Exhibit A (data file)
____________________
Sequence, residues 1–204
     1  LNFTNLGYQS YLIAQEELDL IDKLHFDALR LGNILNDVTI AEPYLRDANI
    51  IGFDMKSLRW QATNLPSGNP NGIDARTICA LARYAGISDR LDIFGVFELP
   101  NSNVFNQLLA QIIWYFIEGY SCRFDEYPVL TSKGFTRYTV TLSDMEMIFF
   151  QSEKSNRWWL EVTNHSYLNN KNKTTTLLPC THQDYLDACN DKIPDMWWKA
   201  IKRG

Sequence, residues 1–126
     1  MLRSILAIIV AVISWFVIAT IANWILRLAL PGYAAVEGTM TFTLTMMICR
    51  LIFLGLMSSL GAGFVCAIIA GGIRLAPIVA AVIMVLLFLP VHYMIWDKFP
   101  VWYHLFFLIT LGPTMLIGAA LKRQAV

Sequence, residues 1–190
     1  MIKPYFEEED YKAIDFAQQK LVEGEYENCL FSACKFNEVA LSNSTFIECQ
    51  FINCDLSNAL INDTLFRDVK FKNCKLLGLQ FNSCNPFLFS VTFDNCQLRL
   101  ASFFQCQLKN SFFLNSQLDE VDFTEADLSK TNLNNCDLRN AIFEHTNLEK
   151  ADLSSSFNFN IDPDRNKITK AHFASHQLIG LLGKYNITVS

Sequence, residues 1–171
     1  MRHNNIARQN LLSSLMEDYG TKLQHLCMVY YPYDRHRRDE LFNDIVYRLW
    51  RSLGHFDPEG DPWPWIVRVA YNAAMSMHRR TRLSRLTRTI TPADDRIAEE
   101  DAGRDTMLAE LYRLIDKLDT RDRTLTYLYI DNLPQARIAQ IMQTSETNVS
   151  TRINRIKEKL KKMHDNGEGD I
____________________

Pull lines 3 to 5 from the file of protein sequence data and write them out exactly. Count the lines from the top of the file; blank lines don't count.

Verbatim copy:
    51  IGFDMKSLRW QATNLPSGNP NGIDARTICA LARYAGISDR LDIFGVFELP
   101  NSNVFNQLLA QIIWYFIEGY SCRFDEYPVL TSKGFTRYTV TLSDMEMIFF
   151  QSEKSNRWWL EVTNHSYLNN KNKTTTLLPC THQDYLDACN DKIPDMWWKA